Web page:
TPC Member for NSDI '23
    TPC Member for ASPLOS '22, NSDI '22, OSDI '22, SYSTOR '22
    TPC Member for NSDI '21, SOSP '21
    TPC Member for NSDI '20
    TPC Member for SIGCOMM '19, USENIX ATC '19, NSDI '19
    TPC Member for Eurosys '18, EuroSys '17, CoNEXT '18, CoNEXT '17
    TPC Member for OSDI '16, CoNEXT '15, SoCC '15, NSDI'15

    Main Publications

    Please see the complete list of publications below for full author lists. (Auto-generated publication list from the DiVA repository is also available)

  • "A High-Speed Stateful Packet Processing Approach for Tbps Programmable Switches" NSDI 2023.
  • "Packet Order Matters! Improving Application Performance by Deliberately Delaying Packets", NSDI 2022. Community Award!.
  • "RDMA is Turing complete, we just did not know it yet!", NSDI 2022.
  • "LineFS: Efficient SmartNIC Offload of a Distributed File System with Pipeline Parallelism", SOSP 2021. Best Paper Award!
  • "PacketMill: Toward per-core 100-Gbps Networking", ASPLOS 2021.
  • "Assise: Performance and Availability via Client-local NVM in a Distributed File System", USENIX OSDI 2020.
  • "Reexamining Direct Cache Access to Optimize I/O Intensive Applications for Multi-hundred-gigabit Networks", USENIX ATC 2020.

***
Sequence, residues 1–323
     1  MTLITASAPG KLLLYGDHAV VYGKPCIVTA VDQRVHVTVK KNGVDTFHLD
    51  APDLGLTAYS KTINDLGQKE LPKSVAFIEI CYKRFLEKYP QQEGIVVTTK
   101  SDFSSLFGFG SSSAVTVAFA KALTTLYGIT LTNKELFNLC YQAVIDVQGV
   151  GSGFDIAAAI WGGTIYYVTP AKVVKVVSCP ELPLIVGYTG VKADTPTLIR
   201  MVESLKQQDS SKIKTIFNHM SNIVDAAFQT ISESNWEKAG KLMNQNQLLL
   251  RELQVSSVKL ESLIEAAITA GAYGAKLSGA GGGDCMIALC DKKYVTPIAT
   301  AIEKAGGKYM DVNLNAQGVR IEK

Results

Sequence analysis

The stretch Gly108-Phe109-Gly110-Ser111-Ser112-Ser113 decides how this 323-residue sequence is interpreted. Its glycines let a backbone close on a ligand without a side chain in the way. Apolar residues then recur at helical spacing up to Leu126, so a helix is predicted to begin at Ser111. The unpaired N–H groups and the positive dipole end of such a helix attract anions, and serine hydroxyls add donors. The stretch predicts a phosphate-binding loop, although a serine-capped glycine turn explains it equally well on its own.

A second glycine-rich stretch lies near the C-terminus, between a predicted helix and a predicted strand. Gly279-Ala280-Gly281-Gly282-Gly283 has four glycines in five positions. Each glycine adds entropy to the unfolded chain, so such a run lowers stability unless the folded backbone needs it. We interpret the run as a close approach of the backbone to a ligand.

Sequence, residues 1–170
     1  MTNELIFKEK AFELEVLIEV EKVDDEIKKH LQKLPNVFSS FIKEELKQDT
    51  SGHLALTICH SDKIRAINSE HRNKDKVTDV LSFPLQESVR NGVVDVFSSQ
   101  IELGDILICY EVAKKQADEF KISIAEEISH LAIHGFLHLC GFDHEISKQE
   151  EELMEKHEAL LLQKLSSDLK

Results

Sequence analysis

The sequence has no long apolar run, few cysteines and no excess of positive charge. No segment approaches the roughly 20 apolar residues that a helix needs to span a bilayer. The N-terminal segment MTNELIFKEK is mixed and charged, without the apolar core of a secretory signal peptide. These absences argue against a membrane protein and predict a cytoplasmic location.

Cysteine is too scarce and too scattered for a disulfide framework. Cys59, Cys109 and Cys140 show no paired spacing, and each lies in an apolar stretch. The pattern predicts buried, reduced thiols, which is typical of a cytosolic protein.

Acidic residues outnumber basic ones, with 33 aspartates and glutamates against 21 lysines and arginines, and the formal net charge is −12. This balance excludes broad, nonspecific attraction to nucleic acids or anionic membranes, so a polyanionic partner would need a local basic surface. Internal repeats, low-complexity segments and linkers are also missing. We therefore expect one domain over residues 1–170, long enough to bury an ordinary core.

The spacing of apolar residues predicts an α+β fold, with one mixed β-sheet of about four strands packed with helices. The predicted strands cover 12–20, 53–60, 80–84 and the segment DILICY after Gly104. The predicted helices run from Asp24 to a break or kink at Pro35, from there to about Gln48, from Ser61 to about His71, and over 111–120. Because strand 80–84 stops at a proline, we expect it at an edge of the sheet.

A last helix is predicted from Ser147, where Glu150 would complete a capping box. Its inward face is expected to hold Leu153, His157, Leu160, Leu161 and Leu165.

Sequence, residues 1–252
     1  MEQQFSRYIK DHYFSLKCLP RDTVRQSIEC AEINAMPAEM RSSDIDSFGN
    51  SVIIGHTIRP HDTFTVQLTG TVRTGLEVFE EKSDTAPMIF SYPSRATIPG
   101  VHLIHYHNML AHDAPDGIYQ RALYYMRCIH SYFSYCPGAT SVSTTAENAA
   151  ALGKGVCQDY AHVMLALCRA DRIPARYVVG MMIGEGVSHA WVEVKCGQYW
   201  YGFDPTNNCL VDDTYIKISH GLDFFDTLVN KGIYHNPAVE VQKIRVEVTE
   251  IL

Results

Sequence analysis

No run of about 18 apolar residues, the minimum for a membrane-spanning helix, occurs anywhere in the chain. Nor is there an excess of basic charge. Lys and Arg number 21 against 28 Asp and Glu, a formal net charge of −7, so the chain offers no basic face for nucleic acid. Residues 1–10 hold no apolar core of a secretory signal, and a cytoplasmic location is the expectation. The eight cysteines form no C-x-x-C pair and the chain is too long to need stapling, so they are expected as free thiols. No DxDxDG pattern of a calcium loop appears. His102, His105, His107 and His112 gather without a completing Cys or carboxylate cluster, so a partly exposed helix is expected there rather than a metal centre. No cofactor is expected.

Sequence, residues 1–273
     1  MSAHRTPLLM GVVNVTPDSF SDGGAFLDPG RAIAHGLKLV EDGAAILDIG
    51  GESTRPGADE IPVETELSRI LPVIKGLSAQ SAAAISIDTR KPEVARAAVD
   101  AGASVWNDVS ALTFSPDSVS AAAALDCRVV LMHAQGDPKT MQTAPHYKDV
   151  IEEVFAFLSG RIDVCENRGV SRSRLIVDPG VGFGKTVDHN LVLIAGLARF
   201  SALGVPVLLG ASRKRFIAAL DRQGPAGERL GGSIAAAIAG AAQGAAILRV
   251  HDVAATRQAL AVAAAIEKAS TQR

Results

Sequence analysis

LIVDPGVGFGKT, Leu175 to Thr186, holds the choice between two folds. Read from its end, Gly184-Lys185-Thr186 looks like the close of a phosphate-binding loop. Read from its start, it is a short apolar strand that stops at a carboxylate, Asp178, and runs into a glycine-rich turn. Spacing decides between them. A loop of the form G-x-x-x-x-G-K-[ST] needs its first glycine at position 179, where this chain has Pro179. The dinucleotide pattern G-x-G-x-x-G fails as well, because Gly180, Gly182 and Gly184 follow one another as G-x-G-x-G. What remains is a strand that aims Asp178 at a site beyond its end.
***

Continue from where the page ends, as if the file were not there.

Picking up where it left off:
• "A High-Speed Load-Balancer Design with Guaranteed Per-Connection-Consistency", NSDI 2020.
  • "RSS++: load and state-aware receive side scaling", CoNEXT 2019.
  • "Make the Most out of Last Level Cache in Intel Processors", EuroSys 2019.
  • "Fast and Accurate Load Balancing for Geo-Distributed Storage Systems", SoCC 2018.
  • "Metron: NFV Service Chains at the True Speed of the Underlying Hardware", NSDI 2018.
  • "Rein: Taming Tail Latency in Key-Value Stores via Multiget Scheduling", EuroSys 2017.
  • "Monocle: Dynamic, Fine-Grained Data Plane Monitoring", CoNEXT, 2015.
  • "The Nearest Replica Can Be Farther Than You Think", SOCC 2015
  • "What You Need to Know About SDN Flow Tables",  PAM 2015. 
  • "Providing Reliable FIB Update Acknowledgments in SDN", CoNEXT 2014.
  • "DeepDive: Transparently Identifying and Managing Performance Interference in Virtualized Environments", USENIX ATC 2013.